Geographic Connection to Pennsylvania: Pittsburgh, Allegheny County
Awards: Public Poetry Project
Growing up in the outskirts of Pittsburgh, Robert Gibb observed the effect the steel industry had on shaping the community, as well as its impact on the character of the region. Much of his poetry is attributed to these experiences. He graduated from Kutztown University with a BFA in 1971, received his MFA in 1974 from the University of Massachusetts, and two years later, his MA from Lehigh University. He later completed his PhD at Lehigh. Gibb’s poetry is noted for its solemn tone paired with evocative and vivid, yet realistic, imagery. In 2011, he was a featured poet in the Public Poetry Project of the Pennsylvania Center for the Book.
Robert Gibb was born on September 5, 1946, in Homestead, Pennsylvania, just outside of Pittsburgh, to parents Robert James and Helen Gibb. Because of his close proximity to the city, Gibb was able to survey the effect the steel industry had on the local economy, the community, and the surrounding region. Many members of his family worked in the steel trade, including his father and grandfather, the latter dying in a devastating factory accident when he was only thirty-five. Gibb himself worked in the steel mills for a time, too, and all of these occurrences would become a major part of his later poetry, especially his Homestead Trilogy (also referred to as the Pittsburgh Trilogy), which consists of three collections that probe the industrial history and culture of America's Steel City.
Gibb attended Kutztown University in central Pennsylvania, where he received his B.F.A in 1971, and then went on to the University of Massachusetts for his M.F.A. After he received his M.A. from Lehigh University in 1976, Gibb published his first book of poetry entitled Whale Songs, which studied the unique form and qualities of whales. He continued to publish many volumes of poetry during the next decade, and became the editor for the literary journal Yarrow in 1981. He worked as the editor for the journal until 1983, and married Margaret Lewis in 1985.
In 1998, Gibb published the first book of what would become the Homestead Trilogy. The Origins of Evening is described as part autobiographical and part historical, which all three of the volumes seem to have in common. Many of his poems reflect deeply on personal experiences. Gibb has said of the Trilogy:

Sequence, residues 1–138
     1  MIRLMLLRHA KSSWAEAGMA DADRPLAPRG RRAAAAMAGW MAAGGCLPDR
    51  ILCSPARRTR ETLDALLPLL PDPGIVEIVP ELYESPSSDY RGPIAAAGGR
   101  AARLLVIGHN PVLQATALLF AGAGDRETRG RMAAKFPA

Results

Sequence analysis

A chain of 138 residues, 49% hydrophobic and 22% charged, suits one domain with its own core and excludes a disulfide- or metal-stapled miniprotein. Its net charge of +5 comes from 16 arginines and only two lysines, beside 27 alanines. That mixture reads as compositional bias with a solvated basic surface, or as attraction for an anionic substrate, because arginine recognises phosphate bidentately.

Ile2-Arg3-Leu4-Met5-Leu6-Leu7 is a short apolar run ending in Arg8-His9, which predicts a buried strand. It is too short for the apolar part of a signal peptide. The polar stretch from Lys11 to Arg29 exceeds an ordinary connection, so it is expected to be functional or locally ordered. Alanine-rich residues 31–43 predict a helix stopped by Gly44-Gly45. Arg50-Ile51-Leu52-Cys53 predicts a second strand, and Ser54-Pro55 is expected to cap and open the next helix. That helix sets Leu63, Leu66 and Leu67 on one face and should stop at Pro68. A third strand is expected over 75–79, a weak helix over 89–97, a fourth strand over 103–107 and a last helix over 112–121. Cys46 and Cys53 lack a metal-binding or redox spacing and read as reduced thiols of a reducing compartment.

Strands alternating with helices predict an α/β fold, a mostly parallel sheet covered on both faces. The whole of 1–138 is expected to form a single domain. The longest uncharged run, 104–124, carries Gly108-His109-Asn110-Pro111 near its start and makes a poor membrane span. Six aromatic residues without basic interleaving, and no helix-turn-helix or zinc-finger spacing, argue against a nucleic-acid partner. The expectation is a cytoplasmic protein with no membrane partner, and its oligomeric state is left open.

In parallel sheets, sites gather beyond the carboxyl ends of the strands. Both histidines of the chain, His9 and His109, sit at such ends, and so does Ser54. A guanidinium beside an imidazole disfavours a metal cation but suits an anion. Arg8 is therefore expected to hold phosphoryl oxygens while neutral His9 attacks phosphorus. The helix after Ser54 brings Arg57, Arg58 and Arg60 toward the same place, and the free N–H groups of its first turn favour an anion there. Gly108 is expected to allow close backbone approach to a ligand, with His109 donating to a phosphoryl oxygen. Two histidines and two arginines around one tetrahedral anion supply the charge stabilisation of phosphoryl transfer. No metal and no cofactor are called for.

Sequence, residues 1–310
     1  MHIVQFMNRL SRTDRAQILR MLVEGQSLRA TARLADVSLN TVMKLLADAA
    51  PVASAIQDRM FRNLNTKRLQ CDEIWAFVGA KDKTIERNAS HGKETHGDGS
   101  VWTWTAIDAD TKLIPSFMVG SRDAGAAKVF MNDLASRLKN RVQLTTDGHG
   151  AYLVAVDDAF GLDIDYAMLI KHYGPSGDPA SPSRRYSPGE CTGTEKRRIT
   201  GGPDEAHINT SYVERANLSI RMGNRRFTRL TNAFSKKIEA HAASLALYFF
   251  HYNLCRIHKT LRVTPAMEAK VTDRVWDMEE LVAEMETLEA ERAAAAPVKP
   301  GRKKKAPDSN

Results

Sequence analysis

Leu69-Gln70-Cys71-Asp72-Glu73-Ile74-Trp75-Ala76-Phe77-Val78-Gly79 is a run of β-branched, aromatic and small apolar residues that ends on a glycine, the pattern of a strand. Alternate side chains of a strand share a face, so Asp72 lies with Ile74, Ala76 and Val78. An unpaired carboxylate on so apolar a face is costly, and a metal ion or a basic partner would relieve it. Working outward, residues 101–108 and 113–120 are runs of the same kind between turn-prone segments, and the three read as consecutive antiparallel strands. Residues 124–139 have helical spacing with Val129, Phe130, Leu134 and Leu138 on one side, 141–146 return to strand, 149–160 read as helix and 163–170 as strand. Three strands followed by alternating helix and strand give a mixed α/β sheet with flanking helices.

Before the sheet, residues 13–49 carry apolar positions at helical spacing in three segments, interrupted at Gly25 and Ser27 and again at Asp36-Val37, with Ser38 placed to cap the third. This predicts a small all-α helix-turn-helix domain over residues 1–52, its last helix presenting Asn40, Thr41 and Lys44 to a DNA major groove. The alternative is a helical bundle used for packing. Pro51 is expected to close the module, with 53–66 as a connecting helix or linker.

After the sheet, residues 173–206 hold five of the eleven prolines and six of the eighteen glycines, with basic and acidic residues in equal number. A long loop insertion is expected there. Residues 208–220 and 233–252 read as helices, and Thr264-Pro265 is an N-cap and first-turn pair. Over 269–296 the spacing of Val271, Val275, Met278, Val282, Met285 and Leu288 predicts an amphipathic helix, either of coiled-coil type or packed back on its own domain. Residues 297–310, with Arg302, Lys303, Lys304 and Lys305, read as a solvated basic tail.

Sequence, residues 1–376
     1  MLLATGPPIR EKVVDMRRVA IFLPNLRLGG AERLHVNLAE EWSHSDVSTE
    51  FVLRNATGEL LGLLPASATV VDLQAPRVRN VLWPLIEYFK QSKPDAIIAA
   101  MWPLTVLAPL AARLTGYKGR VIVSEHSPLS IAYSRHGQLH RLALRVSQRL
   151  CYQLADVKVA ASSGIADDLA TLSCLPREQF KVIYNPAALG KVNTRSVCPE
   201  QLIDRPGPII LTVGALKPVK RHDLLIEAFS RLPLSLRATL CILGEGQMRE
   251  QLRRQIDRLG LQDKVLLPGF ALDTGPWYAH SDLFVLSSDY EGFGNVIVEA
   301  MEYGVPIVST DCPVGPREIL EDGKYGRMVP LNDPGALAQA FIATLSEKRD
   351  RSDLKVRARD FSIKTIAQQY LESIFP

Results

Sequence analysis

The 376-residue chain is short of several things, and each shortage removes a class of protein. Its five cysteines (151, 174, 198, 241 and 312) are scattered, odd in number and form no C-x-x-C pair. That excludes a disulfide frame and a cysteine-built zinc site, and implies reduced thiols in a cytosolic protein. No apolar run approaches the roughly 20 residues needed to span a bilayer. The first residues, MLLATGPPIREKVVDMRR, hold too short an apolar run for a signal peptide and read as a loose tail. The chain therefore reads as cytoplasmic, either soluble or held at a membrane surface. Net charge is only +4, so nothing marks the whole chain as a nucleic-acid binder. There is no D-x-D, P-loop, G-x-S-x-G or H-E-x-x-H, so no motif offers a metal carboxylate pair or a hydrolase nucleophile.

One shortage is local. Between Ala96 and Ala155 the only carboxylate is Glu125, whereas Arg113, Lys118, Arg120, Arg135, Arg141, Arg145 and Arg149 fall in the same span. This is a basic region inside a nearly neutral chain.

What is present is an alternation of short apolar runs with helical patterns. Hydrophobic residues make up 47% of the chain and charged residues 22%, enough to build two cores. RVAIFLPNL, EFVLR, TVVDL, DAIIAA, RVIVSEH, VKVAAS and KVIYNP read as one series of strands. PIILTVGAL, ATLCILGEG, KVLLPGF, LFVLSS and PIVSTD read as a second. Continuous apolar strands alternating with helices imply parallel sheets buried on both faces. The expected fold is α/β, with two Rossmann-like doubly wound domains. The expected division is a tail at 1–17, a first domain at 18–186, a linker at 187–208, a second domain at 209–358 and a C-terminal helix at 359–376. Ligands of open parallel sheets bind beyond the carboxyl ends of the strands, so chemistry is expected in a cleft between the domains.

“Being interested in a place and having seen the effects brought by the end of the Industrial Revolution on the steel towns south of Pittsburgh, I am in the middle of a design, conceived for three books, in which autobiographical material gradually gives way, or knits into, larger, historical concerns and the preserving of cultural memory.”
Critically acclaimed, Gibb has been hailed as one of the great American contemporary poets. Critic Michael Waters says of What the Heart Can Bear: Selected and Uncollected Poems, 1979-1993, “Gibb is one of the folks to whose work I turn to when I seem to forget how poems are written, or how they should be written. This book belongs among those worn American classics crammed on the rough-hewn shelf nailed onto the mudroom wall.”
Furthermore, Peter Oresick, of the Pittsburgh Post-Gazette describes the Homestead Trilogy as “mostly short and lyrical, revealing a careful craftsman working within traditional forms. The poems are rich with sounds. They look elegant in their lines, breaks and stanzas upon the page.” Many reviewers praise his attention to the musicality of the language and beautiful and realistic imagery he employs in his poems. In “In the Emergency Room,” from The Burning World, Gibb describes taking his four-month-old son to the hospital:
So we bundled him into Sacred Heart
And sat huddled in the emergency room, praying
The small fronds of his breathing would loosen
Into light. Outside, the gray shades of buildings
Gradually became the gray lengths of dusk
Filling the city—a half tone darkening upward
As it emptied into the whole of the winter night.
The somber use of color is effectively used to portray the anxiety being felt. Moreover, critic Stephen Behrendt stated that Gibb’s poetic artistry in The Burning World “unites beautifully wrought language and imagery with an engaged and committed world-view in a poetry that is as intellectually profound as it is aesthetically satisfying.”
While Gibb is primarily known as a poet, he has also published essays and short stories in many literary periodicals. He has received many honors and awards for his literary undertakings, including the Award of Merit, Camden Poetry Award, Devil’s Millhopper Press Chapbook contest, two National Endowment for the Arts poetry fellowships, a National Poetry Series Award, multiple Pennsylvania Council on the Arts literary fellowships, the Phillips Poetry Award, the Pushcart Prize, and the Wildwood Prize in Poetry.
His resume boasts an extensive teaching career, with professorships at Cedar Crest College in Allentown, Pennsylvania, where he was a poetry teacher; and teaching positions in creating writing at Carnegie Mellon University, Lehigh University, and the University of Pittsburgh.
In 2012, his collection, Sheet Music, was published and is described by Pittsburgh City Paper writer, Fred Shaw, as “a tour through local art, jazz, and other touchstones. … [The collection] often feels like a field trip with a sharp-eyed uncle as Gibb leads the reader throughout the city and asks us to rely on his speaker's description of places familiar, not exotic. Reading its 97 pages is a bit like taking a tour of the city (minus the incline ride), as poems are set at the Zoo, Frick Park and Point State Park. The accessibility of these settings reminds us that culture includes shared moments with others.”